When we are only with people that agree with us, we all tend believe that we are right, even if our perception doesn’t match reality. For example, think about how people surrounded by only yes-men tend to suffer from groupthink, tunnel vision, overconfidence, etc. Living in our own little bubble and never venturing outside the comfort of our safety zone can harm both our creative process and decision-making ability.

Trust Is Based on Perception

We base our trust on our perception. So, when it comes to trust, perception often trumps reality.

In “Trust, Deception, and Transparency” I wrote,

At its core, trust is about the uncertainty of what people will do. To be trustworthy is to be predictable. Can you reliably predict what others are going to do? Can others reliably predict what you are going to do?

The question about whether someone can trust the police is about predictability: can I reliably predict when the police will do “right” or “wrong?”

In the spectrum of police favorability (love vs. hate), both extremes tend to trust the police. And that trust can be quite high. For example, one side might trust that the police will reliably do them and society good, while the other might trust that the police will reliably do them and society harm.

So, when the police are reliably “good” or “evil,” then we can trust them to do “good” or “evil” actions. However, when the lines of predictability are blurred, that trust becomes mistrust. And I think this is where we are at as a nation right now: if you look at the national level of society, and aggregate the public‘s feelings toward the police together, you get a mixed uncertainty about the role and behavior of the police.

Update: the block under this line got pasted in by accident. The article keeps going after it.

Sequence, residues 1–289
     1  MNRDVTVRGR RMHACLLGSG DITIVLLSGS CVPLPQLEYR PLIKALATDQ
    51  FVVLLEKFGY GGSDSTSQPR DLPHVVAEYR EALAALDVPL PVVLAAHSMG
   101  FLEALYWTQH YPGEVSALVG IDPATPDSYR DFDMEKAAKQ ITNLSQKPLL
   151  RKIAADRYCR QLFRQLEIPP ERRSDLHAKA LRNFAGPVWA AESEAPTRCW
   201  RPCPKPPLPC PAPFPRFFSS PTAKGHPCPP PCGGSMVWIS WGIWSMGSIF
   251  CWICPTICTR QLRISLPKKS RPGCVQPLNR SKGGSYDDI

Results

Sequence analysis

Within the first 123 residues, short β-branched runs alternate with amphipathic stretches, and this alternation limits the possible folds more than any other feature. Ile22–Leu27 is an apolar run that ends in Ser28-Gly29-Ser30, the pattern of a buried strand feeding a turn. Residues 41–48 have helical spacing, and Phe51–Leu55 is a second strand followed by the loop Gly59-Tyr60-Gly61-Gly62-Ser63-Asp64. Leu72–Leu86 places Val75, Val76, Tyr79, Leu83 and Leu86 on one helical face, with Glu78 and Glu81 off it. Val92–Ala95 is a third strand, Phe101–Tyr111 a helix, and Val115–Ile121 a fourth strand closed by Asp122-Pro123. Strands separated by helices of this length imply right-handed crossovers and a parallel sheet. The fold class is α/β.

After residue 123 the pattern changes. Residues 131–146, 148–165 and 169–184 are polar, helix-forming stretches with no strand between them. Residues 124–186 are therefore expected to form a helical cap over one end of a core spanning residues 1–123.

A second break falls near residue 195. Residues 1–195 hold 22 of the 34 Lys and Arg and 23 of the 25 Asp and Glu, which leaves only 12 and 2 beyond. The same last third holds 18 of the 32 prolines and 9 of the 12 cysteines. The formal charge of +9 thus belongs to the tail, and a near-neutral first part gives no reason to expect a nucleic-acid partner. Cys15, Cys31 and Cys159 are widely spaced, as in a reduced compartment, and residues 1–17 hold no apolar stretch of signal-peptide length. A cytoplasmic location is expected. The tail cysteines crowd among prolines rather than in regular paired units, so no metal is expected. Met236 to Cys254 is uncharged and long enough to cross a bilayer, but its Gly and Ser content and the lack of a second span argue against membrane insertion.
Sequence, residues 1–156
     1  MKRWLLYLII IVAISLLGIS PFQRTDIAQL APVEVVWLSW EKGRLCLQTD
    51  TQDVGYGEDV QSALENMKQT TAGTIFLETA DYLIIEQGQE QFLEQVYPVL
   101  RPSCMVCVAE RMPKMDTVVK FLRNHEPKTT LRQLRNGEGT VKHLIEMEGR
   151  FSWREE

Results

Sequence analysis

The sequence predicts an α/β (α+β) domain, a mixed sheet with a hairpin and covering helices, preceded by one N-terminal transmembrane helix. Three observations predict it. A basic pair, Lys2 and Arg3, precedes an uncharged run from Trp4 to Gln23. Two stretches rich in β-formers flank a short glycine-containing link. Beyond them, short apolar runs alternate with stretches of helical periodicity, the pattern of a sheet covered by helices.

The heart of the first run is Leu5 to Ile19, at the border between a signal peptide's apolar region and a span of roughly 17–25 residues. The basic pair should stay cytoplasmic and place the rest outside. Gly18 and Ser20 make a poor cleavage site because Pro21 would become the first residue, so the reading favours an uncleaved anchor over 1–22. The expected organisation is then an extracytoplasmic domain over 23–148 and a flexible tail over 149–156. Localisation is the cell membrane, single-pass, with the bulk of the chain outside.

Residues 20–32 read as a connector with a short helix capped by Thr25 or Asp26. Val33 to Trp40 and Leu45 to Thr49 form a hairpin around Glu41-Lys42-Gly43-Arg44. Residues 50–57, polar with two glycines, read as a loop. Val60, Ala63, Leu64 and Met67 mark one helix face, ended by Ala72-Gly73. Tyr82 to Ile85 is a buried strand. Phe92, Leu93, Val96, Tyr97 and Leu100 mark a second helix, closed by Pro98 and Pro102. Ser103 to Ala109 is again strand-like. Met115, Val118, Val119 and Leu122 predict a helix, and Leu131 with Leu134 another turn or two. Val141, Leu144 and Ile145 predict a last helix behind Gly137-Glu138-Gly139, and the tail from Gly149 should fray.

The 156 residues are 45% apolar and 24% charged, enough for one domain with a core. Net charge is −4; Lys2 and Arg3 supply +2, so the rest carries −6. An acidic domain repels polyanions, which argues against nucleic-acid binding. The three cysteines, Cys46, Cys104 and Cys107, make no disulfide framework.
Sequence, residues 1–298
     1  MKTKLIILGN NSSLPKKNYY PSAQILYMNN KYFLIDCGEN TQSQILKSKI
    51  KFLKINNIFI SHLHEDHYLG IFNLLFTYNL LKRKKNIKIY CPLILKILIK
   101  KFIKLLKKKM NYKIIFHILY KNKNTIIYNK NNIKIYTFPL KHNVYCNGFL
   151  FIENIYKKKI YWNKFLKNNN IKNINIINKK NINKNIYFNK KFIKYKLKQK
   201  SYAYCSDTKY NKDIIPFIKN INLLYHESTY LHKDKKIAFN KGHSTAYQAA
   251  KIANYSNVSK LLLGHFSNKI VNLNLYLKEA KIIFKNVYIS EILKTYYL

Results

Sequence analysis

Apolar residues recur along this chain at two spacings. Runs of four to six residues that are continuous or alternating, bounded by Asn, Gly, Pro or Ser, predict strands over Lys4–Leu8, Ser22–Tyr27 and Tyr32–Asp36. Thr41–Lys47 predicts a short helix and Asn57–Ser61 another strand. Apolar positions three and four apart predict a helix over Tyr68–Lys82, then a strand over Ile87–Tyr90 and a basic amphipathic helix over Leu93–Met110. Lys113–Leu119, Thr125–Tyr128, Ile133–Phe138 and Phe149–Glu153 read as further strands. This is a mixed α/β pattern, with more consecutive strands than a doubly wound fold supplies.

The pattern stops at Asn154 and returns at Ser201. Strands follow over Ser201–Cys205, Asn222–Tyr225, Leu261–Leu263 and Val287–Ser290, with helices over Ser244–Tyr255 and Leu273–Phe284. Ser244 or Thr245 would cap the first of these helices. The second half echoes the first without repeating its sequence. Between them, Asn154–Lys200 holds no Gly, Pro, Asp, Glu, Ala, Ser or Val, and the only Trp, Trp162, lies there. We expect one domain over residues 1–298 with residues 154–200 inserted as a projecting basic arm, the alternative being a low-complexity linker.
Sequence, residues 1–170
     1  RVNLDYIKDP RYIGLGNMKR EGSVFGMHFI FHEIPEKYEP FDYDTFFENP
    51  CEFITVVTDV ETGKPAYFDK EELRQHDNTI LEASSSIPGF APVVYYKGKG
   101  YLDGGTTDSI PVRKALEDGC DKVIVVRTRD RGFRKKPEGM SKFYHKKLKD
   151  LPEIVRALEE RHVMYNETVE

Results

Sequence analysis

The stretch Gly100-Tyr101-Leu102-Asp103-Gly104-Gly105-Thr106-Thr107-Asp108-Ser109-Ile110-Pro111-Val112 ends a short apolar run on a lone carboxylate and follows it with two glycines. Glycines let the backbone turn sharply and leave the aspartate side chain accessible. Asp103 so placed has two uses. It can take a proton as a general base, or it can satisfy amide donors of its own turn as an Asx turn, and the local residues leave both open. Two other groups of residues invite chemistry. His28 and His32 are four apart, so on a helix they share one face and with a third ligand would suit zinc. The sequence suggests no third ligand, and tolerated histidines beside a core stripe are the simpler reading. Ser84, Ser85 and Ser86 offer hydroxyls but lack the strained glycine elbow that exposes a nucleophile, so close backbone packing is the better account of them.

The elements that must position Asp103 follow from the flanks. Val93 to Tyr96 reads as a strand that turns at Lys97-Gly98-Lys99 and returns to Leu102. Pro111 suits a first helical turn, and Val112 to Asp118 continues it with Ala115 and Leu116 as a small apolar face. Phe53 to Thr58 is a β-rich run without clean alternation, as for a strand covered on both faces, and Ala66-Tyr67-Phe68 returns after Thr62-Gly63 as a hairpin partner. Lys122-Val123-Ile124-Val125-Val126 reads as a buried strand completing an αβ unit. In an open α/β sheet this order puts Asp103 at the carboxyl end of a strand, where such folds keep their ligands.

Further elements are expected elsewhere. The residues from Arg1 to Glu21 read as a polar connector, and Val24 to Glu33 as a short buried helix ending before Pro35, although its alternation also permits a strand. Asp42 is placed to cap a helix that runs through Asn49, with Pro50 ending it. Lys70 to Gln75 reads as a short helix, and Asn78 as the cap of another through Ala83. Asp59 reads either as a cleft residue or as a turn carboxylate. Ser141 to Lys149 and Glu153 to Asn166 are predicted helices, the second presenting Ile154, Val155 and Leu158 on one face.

Furthermore, when we talk about “the police” are we talking about the police in our neighborhood, municipality, state, or nation-wide? One neighborhood might have very good reasons to dislike the police, and expect the police to harass, abuse, neglect, and harm them and their community. However, another neighborhood might have a very positive relationship with the police, affirming the idea of “to serve and protect.”

These different experiences and expectations creates a disconnect between communities in the societal conversation about the police. Where one community might perceive the police as corrupt and abusive, another might perceive the police as upright and honest. And both can be right (for more on disconnected conversations,  see “Talking At, Not With: The Problem of Disconnected Conversations”). When these two conversations are taken together, then society has good reason to mistrust the police because it becomes hard to predict police behavior on an aggregate level.

Finally, we can be very loss averse, especially when it comes to trust. This means that we often find it safer to expect the worst from people than it is to give them the benefit of the doubt. Thus, it can take significant repetition of doing good for us to trust that someone will reliably do good again in the future. However, just a few instances of wrongdoing can be reason enough for us to trust that person will do wrong again in the future, regardless of prior good acts. It is because of this that we often ask, “how many bad apples does it take to spoil the bunch?” instead of “how many good apples does it take to preserve the bunch.”

Moving Forward

When it comes to the police, trust is a tricky question. When someone says that they trust the police, they usually mean that they trust the police to do both the right thing, and be predictable in doing it.

However, when someone says that they do not trust the police, do they mean that they don’t trust the police to do the right thing, or that they can’t predict what the police are going to next? The former is a moral and ethical issue. The latter is about mistrust.

I wish I had a comprehensive solution, but I believe the issues involved are too complicated to tackle in what I had intended to be a short article. And so I tackled the question about how our perception about the police impacts our trust in them.

To say that there is a problem of trust with the police is not to say that building trust is the solution. Rather, building trust – that the police are a force of good, and that we can trust them to do good – is a goal. The solution is the journey that we must take to get from where we are to where we want to be. And I’m open to suggestions on what that might look like.